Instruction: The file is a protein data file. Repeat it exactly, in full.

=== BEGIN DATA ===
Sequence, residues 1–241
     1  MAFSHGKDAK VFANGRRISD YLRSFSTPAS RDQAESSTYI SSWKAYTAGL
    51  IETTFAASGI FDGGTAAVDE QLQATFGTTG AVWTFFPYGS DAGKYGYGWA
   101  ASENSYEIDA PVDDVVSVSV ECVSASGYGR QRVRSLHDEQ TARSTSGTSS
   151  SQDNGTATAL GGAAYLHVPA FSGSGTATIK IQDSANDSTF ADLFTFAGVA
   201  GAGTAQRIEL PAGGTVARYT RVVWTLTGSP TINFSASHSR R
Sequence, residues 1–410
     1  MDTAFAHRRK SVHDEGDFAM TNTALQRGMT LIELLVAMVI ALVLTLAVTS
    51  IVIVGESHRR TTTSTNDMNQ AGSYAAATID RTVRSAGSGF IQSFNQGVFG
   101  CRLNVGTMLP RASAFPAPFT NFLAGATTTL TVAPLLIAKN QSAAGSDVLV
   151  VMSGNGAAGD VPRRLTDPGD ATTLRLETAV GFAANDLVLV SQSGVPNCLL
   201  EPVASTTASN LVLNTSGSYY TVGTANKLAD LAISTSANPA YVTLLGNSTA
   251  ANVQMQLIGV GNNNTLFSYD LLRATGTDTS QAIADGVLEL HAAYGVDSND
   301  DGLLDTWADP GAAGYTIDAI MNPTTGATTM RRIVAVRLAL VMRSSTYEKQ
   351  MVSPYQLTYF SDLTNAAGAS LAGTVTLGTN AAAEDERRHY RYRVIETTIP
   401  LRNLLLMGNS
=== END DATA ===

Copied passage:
Sequence, residues 1–241
     1  MAFSHGKDAK VFANGRRISD YLRSFSTPAS RDQAESSTYI SSWKAYTAGL
    51  IETTFAASGI FDGGTAAVDE QLQATFGTTG AVWTFFPYGS DAGKYGYGWA
   101  ASENSYEIDA PVDDVVSVSV ECVSASGYGR QRVRSLHDEQ TARSTSGTSS
   151  SQDNGTATAL GGAAYLHVPA FSGSGTATIK IQDSANDSTF ADLFTFAGVA
   201  GAGTAQRIEL PAGGTVARYT RVVWTLTGSP TINFSASHSR R
Sequence, residues 1–410
     1  MDTAFAHRRK SVHDEGDFAM TNTALQRGMT LIELLVAMVI ALVLTLAVTS
    51  IVIVGESHRR TTTSTNDMNQ AGSYAAATID RTVRSAGSGF IQSFNQGVFG
   101  CRLNVGTMLP RASAFPAPFT NFLAGATTTL TVAPLLIAKN QSAAGSDVLV
   151  VMSGNGAAGD VPRRLTDPGD ATTLRLETAV GFAANDLVLV SQSGVPNCLL
   201  EPVASTTASN LVLNTSGSYY TVGTANKLAD LAISTSANPA YVTLLGNSTA
   251  ANVQMQLIGV GNNNTLFSYD LLRATGTDTS QAIADGVLEL HAAYGVDSND
   301  DGLLDTWADP GAAGYTIDAI MNPTTGATTM RRIVAVRLAL VMRSSTYEKQ
   351  MVSPYQLTYF SDLTNAAGAS LAGTVTLGTN AAAEDERRHY RYRVIETTIP
   401  LRNLLLMGNS